Ingolstadt–Kralupy–Litvínov pipeline

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Ingolstadt–Kralupy–Litvínov pipeline
CountryGermany, Czech Republic
General directionwest–east
FromVohburg, the Transalpine Pipeline
General information
OperatorMERO Pipeline GmbH
Technical information
Length347 km (216 mi)
Maximum discharge10 million tonnes per year

The Ingolstadt–Kralupy–Litvínov pipeline (also known as IKL pipeline and MERO pipeline) is a crude oil pipeline in Central Europe. It facilitates the transport of crude oil from Germany to the Czech oil refineries of Kralupy and Litvínov. The name of the Ingolstadt–Kralupy–Litvínov pipeline is misleading, as the pipeline does not start in Ingolstadt and does not run to Kralupy and Litvínov.[1]


Negotiations to construct the Ingolstadt–Kralupy–Litvínov pipeline started in October 1990 and were concluded in 1992.[1] Originally, the pipeline was planned to run from Ingolstadt to Litvínov, but the route was changed to run from Vohburg to Nelahozeves. However, the original name of the pipeline was kept.[2]

Construction of the pipeline started on 1 September 1994 and was completed in December 2005. It was inaugurated on 13 March 1996.[2] It is the main pipeline in the Czech Republic allowing oil supplies other than those of Russian origin. In 2003, the pipeline was modernized by improving remote control systems and increasing capacity.[3]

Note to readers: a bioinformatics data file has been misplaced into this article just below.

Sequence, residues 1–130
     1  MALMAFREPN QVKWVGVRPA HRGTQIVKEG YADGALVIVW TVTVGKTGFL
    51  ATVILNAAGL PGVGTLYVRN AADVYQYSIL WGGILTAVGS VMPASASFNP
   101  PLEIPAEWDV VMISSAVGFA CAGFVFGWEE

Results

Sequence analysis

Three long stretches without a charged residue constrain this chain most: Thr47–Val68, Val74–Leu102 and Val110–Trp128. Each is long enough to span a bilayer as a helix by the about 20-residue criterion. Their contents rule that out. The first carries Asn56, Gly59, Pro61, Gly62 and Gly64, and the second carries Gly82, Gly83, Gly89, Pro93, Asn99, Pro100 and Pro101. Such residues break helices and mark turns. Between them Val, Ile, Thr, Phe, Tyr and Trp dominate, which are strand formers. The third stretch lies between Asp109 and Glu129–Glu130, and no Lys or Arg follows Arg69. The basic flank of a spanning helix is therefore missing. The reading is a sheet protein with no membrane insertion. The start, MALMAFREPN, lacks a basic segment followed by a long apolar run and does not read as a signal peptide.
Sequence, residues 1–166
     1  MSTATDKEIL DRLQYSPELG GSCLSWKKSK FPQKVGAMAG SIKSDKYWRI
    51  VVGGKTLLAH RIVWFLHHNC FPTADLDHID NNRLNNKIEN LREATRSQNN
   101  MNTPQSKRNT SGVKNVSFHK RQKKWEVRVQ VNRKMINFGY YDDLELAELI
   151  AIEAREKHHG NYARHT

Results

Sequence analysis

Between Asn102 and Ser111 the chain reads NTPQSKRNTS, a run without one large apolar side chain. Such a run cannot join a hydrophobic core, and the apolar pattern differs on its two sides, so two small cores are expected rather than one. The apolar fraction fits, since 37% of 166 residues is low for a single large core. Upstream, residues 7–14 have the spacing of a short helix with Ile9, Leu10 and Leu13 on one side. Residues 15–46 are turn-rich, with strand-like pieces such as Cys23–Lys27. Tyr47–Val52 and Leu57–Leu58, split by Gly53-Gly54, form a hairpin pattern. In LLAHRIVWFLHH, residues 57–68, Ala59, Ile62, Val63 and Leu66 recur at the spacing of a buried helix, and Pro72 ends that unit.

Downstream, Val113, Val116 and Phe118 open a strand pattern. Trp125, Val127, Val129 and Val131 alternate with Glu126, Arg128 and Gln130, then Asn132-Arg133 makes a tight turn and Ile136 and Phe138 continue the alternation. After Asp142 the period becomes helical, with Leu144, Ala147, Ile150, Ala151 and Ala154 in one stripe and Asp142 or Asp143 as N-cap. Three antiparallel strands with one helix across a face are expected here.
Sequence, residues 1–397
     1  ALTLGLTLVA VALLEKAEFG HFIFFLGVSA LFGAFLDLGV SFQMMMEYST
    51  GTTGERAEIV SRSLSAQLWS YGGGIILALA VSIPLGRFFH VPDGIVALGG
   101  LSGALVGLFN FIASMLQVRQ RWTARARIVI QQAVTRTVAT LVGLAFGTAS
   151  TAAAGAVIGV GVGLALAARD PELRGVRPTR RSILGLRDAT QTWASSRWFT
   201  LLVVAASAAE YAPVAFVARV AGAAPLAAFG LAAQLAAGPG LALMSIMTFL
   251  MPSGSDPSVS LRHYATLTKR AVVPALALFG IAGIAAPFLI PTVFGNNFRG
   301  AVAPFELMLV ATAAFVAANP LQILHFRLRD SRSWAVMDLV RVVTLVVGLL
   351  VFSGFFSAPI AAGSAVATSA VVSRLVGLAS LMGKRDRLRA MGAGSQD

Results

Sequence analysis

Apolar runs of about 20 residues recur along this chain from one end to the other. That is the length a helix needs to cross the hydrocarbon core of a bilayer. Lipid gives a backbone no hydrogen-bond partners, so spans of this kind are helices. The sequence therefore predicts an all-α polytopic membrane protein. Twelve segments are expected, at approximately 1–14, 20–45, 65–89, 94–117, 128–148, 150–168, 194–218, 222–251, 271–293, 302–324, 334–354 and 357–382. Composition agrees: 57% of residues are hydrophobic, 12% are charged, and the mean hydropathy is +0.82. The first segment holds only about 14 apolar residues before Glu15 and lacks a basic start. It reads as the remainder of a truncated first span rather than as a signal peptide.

The 347-kilometer (216 mi) pipeline starts from Vohburg in Germany, where it is connected with the Transalpine Pipeline, and ends at the oil depot in Nelahozeves near Prague in the Czech Republic. The German section of the pipeline is 178 kilometers (111 mi) and the Czech section is 169 kilometers (105 mi) long.[1]

Technical description[edit]

The pipeline has a diameter of 714 millimeters (28.1 in), and the pressure varies from 65 bars (6,500 kPa) in Vohburg to 20 bars (2,000 kPa) in Nelahozeves. The capacity of the pipeline is around ten million tonnes per year, of which normally 30% is in use.[1][3] The additional capacity is reserved for securing oil supplies in case of disruption of Russian supplies through the Druzhba pipeline, as happened in July 2008.[4] The control center, which controls the whole pipeline, is located in Vohburg. The backup control center is located in Nelahozeves.[1]

The tank farm in Vohburg consists of four tanks, with a total capacity of 200,000 cubic meters (7,100,000 cu ft).[1] The tank farm in Nelahozeves, serving the IKL and Druzhba pipelines, consists of sixteen tanks with a total capacity of 1,550,000 cubic meters (55,000,000 cu ft).[5]

Operating company[edit]

The pipeline is operated by MERO Pipeline GmbH.[1]

See also[edit]


  1. ^ a b c d e f g "Ropovod IKL (IKL Pipeline)" (in Czech). Retrieved 2008-08-09.
  2. ^ a b "The IKL Crude Oil Pipeline". MERO ČR. Retrieved 2009-01-11.
  3. ^ a b Energy Policies of IEA Countries – Czech Republic (PDF). OECD/IEA. 2005. p. 91. ISBN 92-64-10929-3. Retrieved 2008-08-09.
  4. ^ Andrew E. Kramer (2008-07-11). "Russian oil to Czechs slows after U.S. pact". International Herald Tribune. Retrieved 2008-08-09.
  5. ^ "The Central Crude Oil Tank Farm Nelahozeves". MERO ČR. Retrieved 2015-11-15.